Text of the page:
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Angus Robertson: To ask the Secretary of State for Foreign and Commonwealth Affairs how much was paid by his Department in rates to each local authority in the UK in 200405; and how much was paid in (a) each region of the UK and (b) London in that year. 
|Local authority||Site||Amount paid|
|City of Westminster||Old Admiralty Building||718,980.14|
|City of Westminster||King Charles Street||2,120,400.00|
|City of Westminster||1 Carlton Gardens||(63)1,089.00|
|City of Westminster||1 Carlton Gardens||(64)446.40|
|London borough of Lambeth||89 Albert Embankment||67,233.55|
|Milton Keynes council||Hanslope Park||567,720.00|
Kerry McCarthy: To ask the Secretary of State for Foreign and Commonwealth Affairs what discussions he has had with representatives of (a) European Union governments, (b) South Africa and (c) Somaliland on recognition for Somaliland. 
Ian Pearson: We have had frequent discussions with representatives of Somaliland on the question of recognition, most recently when my noble Friend the Foreign and Commonwealth Office Minister for Africa, Lord Triesman of Tottenham, met the Foreign Minister of Somaliland on 20 May. We have not had substantive discussions of this matter with European Union partners, South Africa or any other government.
The international community does not recognise Somaliland as an independent state. We have urged the Somaliland authorities to agree a mutually acceptable solution on their future status with any eventual government in Somalia. We believe that African countries should take a lead in any eventual recognition process.
Mr. Jim Cunningham: To ask the Secretary of State for Foreign and Commonwealth Affairs what recent discussions his Department has had with its counterpart in the US regarding the torture of detainees in third party countries. 
John Bercow: To ask the Secretary of State for Foreign and Commonwealth Affairs if he will raise the matter of the conflict in northern Uganda at the UN Security Council during the British presidency. 
Ian Pearson: The UK has supported previous efforts to raise northern Uganda in the United Nations (UN) Security Council. As presidency the UK has invited Jan Egeland, the UN Under Secretary-General for Humanitarian Affairs and Emergency Relief Co-ordinator to provide a briefing on humanitarian issues in Africa on 19 December.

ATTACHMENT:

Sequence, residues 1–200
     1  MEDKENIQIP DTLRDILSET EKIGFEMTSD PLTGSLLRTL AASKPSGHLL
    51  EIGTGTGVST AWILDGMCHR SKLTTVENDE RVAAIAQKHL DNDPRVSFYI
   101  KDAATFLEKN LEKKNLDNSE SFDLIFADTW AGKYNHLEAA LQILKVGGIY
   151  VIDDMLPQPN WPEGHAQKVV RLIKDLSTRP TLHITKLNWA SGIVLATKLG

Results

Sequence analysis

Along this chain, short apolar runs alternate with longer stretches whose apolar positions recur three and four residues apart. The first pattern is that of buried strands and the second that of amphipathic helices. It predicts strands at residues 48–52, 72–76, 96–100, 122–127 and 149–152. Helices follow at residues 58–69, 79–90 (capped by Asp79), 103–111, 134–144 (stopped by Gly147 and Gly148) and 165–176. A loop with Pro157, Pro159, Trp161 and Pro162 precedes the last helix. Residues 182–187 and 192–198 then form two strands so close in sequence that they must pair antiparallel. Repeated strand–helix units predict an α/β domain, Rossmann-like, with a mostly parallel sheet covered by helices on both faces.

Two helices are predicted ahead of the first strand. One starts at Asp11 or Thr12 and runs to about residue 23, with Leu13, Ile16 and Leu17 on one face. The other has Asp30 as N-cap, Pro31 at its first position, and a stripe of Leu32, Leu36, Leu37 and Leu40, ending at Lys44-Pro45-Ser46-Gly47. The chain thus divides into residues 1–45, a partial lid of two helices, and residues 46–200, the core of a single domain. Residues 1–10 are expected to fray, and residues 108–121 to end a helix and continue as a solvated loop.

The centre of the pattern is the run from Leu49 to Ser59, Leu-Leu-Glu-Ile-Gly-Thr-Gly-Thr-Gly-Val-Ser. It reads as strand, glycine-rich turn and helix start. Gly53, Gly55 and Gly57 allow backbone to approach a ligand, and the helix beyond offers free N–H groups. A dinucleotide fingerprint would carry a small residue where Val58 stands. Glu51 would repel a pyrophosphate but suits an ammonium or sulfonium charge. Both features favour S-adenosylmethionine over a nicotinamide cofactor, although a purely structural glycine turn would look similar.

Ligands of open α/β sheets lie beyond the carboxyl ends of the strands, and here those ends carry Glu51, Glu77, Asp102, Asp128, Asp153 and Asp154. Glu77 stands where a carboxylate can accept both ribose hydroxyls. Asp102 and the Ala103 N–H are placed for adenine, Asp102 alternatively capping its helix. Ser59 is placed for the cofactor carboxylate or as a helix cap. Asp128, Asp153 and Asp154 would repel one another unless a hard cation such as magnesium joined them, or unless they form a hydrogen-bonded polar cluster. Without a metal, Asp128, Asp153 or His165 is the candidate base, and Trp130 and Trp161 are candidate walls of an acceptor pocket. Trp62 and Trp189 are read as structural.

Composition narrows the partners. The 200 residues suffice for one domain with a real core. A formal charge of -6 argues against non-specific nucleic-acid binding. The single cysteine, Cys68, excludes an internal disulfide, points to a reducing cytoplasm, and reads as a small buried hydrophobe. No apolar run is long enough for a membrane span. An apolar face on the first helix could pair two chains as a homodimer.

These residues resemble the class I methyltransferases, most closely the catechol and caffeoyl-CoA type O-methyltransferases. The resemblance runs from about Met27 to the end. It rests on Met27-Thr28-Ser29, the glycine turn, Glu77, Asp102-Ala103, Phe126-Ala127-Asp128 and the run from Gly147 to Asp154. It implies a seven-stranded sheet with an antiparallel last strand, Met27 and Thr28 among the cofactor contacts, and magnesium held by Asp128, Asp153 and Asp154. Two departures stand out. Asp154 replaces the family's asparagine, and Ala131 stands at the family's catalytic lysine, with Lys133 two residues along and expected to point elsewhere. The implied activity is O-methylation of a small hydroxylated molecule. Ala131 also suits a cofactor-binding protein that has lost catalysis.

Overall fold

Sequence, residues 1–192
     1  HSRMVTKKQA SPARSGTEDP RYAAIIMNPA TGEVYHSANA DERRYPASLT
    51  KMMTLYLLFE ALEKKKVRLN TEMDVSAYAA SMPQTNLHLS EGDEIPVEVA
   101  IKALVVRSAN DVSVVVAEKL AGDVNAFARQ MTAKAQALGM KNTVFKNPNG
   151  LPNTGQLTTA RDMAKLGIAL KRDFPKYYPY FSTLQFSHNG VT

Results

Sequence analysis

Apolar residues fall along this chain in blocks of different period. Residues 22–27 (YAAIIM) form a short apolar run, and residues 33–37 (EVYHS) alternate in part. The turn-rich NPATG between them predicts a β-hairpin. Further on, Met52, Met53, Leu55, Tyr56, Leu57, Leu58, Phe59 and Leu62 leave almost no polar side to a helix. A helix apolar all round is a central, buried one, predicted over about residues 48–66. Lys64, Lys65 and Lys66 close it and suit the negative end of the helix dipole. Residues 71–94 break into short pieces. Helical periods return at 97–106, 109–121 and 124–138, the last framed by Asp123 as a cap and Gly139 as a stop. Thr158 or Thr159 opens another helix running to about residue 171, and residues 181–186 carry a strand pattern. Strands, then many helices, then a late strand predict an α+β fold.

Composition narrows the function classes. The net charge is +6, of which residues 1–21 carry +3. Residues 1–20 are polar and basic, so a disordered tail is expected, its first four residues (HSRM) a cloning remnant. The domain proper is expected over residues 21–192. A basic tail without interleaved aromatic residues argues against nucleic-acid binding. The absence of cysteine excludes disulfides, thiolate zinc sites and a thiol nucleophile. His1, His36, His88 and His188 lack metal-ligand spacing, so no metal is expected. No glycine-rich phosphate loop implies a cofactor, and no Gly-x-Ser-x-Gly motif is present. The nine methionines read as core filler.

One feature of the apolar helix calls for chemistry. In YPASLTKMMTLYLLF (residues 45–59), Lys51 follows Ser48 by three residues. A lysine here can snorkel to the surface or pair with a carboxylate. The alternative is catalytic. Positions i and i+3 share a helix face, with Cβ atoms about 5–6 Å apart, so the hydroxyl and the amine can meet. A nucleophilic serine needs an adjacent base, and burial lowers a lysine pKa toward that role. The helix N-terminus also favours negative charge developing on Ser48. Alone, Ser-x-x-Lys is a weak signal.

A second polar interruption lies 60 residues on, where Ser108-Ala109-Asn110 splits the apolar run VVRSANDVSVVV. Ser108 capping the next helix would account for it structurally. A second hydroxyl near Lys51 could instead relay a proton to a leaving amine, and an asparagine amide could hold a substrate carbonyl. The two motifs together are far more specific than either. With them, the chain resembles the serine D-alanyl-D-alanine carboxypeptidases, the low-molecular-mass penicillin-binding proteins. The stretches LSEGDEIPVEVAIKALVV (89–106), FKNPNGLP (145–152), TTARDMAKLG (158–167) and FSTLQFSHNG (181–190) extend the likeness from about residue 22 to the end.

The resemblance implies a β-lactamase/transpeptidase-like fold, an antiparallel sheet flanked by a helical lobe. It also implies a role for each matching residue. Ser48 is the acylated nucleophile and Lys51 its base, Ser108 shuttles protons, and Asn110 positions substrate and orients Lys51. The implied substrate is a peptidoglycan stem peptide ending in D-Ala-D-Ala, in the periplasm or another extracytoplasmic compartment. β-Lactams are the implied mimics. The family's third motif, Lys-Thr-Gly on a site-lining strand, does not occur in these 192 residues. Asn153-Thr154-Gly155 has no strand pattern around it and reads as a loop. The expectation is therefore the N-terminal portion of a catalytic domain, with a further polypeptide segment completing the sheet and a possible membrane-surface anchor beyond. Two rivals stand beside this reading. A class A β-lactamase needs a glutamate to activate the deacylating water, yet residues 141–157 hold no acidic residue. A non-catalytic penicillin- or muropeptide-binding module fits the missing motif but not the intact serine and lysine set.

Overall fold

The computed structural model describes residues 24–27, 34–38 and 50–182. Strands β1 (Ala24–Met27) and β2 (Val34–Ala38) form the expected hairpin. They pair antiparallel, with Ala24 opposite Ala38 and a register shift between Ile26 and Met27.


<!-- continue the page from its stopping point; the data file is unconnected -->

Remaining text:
A number of non governmental organisations have written to my right hon. Friend, the Foreign Secretary, advocating a UN Security Council Resolution during the UK's presidency of the Security Council. We are currently considering their ideas and how we can most effectively continue to address the situation in northern Uganda.
John Bercow: To ask the Secretary of State for Foreign and Commonwealth Affairs what assessment he has made of the impact of the decision by the Government of Uganda to imprison an opposition politician on progress towards democracy, good governance and respect for human rights in Uganda. 
My noble Friend, the Lord Triesman of Tottenham, Foreign and Commonwealth Office Minister for Africa, expressed our serious concerns
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regarding the arrest of Dr. Kiiza Besigye on charges including treason, to the Ugandan Foreign Minister Kutesa, on 17 November. The UK, on behalf of the EU, also issued a statement on 21 November. We are pressing for a fair and transparent civilian trial. My right hon. Friend the Prime Minister made this clear to President Museveni at the Commonwealth Heads of Government meeting in Valetta.
The move to a pluralist democratic system in advance of the next elections in February or March 2006 is a crucial step in the political development of Uganda. We have consistently encouraged the Ugandan Government to ensure that all parties are able, and are seen to be able, to compete on a level playing field.
Ian Pearson: Resolving the long-running conflict in Northern Uganda and addressing its humanitarian impact are priorities for the UK. In our discussions with the Uganda Government, we emphasise the need to bring peace to northern Uganda, provide adequate protection for the people of the North and to continue to encourage those Lord's Resistance Army (LRA) members not indicted by the International Criminal Court to seek amnesty and re-integration into their communities. We are also encouraging the governments of the region to work together to ensure that those LRA members who have been indicted are brought to justice.
The UK has provided support for a number of specific peace initiatives, including the recent mediation effort led by Betty Bigombe, a former Ugandan Minister. We are providing practical help to the Amnesty Commission, which is helping to re-integrate former combatants into the community. We have also helped establish a local radio station, MEGA FM, which, through its programming, helps to promote peace. To date we have provided over £2 million and will be doing more.
John Bercow: To ask the Secretary of State for Foreign and Commonwealth Affairs whether it is the policy of the Government to support the expansion of the mandate of the UN Peacebuilding Commission to allow for a conflict prevention role. 
The Government support a role for the UN Peacebuilding Commission in preventing violent conflict. By tracking peacebuilding efforts and offering advice to UN member states, donors, including the International Finance Institutions, and the wider international community, the Commission should help to reduce the risk of post-conflict countries falling back into conflict. The Government also support the proposal that the Peacebuilding Commission should consider countries on the verge of lapsing into conflict at the request of the country concerned.